Qantas Is Putting Santiago Back On Its Route Map

Qantas is gearing up to return to its sole South American destination, Santiago. Nearly one year after beginning to ramp up its international network following its 2020 shutdown, Qantas has timetabled flights on the Sydney – Santiago city pair to coincide with the start of the northern 2022/23 winter flying season.

Three times a week to Santiago from October 31

The thrice-weekly flights utilizing Boeing 787-9 Dreamliner aircraft will begin on October 31. Every Monday, Wednesday, and Friday, QF27 will push back from Sydney (SYD) at the very civilized hour of 12:35 for the 13-hour and 30-minute hop across to Santiago (SCL), landing there at 11:05 on the same. You could have an early lunch in Sydney and a late lunch in Santiago – all on the same day! And with a bite or two inflight in between.

SIMPLEFLYING VIDEO OF THE DAY

After a couple of hours on the ground in SCL, the Dreamliner turns around to operate QF28 back to Sydney on the same day. QF28 departs Santiago at 13:30 for a next day arrival into Sydney at 17:50. While the Qantas Dreamliner offers a relatively comfortable flight, especially for those passengers tucked away in the 28-seat premium economy and 42-seat business class cabin, Qantas still isn’t offering WiFi (paid or otherwise) across its international fleet. Thirteen-plus hours of zero connectivity could be a blessing or a curse – depending on your point of view.

Qantas Dreamliner replaces the Boeing 747-400 on the Santiago route

Still, the typically amiable Qantas service and free-flowing Shaw and Smith should help passengers along the way. This route, which got the chop when Qantas grounded its international flying in late March 2020, was the preserve of the Boeing 747-400. Qantas had flagged replacing the jumbo jet with the smaller Dreamliner before the pandemic, but it was to be an orderly transition.

Instead, like a death in the family, the Qantas Boeing 747-400 was at Santiago Airport one day in March 2020, then took off and was never to be seen there again. Qantas’ slowness in restoring its flights to South America is a little puzzling given the lack of competition between Australia and South America and the decent amount of demand. In addition to normal tourist, student, and visiting friends and relatives passenger traffic, plenty of corporates usually kick back in their lie-flat seats in business class on this route.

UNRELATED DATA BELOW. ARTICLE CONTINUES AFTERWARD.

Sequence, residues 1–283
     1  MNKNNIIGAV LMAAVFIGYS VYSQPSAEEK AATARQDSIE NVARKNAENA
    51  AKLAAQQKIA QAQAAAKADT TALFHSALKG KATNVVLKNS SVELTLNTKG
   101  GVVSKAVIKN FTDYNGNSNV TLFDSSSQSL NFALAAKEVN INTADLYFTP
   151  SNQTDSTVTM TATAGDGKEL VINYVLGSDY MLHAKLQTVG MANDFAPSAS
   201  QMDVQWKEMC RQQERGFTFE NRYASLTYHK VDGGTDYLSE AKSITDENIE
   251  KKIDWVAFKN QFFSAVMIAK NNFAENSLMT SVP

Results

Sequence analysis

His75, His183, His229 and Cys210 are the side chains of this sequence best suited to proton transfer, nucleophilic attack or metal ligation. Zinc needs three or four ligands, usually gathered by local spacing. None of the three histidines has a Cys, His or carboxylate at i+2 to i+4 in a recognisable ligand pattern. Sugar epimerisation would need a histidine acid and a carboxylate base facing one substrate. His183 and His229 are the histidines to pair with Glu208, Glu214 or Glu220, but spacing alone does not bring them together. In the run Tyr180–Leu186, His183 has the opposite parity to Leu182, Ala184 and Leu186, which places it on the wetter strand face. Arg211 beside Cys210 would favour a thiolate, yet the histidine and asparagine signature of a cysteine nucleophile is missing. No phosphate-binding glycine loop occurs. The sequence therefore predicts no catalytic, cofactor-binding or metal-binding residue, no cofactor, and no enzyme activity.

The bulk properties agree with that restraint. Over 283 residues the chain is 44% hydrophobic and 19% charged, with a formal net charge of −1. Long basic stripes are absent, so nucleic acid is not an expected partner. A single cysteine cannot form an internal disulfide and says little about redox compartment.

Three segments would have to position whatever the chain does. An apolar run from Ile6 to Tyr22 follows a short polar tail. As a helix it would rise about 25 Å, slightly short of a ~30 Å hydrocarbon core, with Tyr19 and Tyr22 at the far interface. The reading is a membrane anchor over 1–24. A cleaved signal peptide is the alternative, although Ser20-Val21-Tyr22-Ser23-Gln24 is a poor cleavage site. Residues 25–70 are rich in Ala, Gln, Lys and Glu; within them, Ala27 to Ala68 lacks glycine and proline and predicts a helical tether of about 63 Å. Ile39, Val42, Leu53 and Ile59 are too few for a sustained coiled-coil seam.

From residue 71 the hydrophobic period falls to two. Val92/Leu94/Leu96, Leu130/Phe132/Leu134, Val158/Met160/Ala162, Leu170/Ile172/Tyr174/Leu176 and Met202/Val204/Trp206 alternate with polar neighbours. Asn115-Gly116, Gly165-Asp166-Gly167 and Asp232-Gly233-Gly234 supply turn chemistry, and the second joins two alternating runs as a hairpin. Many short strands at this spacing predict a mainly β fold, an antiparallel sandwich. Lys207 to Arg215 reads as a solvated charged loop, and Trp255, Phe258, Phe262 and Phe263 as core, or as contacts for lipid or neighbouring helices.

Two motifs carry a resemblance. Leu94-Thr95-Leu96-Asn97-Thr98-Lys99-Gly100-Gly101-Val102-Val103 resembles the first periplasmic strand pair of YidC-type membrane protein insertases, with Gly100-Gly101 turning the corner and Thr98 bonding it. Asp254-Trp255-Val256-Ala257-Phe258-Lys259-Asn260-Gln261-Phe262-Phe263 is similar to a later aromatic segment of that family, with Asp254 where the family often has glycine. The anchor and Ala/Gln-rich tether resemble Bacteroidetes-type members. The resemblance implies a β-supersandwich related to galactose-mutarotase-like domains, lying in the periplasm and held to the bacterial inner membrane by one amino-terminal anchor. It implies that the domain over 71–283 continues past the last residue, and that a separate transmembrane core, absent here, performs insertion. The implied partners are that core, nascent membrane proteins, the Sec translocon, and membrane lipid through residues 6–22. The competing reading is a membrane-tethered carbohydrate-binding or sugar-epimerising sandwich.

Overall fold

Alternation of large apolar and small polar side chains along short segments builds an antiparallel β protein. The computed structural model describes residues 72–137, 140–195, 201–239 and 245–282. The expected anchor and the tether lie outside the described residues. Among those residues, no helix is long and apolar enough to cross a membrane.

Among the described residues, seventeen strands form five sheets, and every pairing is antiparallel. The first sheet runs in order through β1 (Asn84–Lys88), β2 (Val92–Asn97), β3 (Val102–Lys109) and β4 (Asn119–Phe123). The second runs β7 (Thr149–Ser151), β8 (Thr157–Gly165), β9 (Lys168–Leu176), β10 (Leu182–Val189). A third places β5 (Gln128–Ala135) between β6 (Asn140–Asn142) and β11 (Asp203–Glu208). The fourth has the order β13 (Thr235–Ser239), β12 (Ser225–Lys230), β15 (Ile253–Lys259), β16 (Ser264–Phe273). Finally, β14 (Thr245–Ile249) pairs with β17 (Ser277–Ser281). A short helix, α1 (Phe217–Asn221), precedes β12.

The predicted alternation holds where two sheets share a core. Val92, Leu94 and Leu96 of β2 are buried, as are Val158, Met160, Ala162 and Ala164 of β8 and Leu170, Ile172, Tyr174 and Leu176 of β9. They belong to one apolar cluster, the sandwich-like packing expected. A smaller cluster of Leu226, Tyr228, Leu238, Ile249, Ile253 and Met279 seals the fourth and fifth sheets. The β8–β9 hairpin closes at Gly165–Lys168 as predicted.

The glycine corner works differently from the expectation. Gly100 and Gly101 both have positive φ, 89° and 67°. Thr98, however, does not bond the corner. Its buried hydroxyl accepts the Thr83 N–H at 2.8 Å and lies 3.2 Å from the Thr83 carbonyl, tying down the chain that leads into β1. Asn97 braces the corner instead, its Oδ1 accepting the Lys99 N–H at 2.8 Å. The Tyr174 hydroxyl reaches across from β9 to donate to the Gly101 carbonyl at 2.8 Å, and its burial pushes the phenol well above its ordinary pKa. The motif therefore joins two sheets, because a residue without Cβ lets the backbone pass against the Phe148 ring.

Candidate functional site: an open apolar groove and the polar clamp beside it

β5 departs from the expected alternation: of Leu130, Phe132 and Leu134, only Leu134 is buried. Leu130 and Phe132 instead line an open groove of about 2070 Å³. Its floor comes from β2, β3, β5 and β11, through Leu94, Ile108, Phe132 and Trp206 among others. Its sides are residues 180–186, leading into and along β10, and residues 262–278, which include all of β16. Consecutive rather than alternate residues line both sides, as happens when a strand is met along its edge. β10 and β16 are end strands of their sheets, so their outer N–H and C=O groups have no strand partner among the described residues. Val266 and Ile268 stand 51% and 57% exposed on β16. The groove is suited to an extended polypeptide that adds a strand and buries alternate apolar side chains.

Qantas formerly flew its Boeing 747-400s between Sydney and Santiago. Photo: Qantas

Qantas adds some much-needed connectivity to South America

Formerly a oneworld partner but still a Qantas partner airline, LATAM, resumed its flights between Santiago and Sydney (via Auckland) in March this year. While LATAM’s economy class product on its Dreamliners flying to Sydney is fine, its premium cabin product isn’t as good as the Qantas offering. But until late October, beggars can’t be choosers – it’s either LATAM or a lengthy detour via Los Angeles or Dallas Fort Worth.

With Qantas confirmed to be heading back to Santiago later this year, the only significant holes in the former Qantas international network are in North Asia. But that isn’t isolated to Qantas. While countries like Japan and China keep borders closed to day-to-day travelers, many airlines avoid the region or run scaled-back frequencies. But at least with Santiago reappearing in the Qantas schedules, the airline will have its normal six continents covered.



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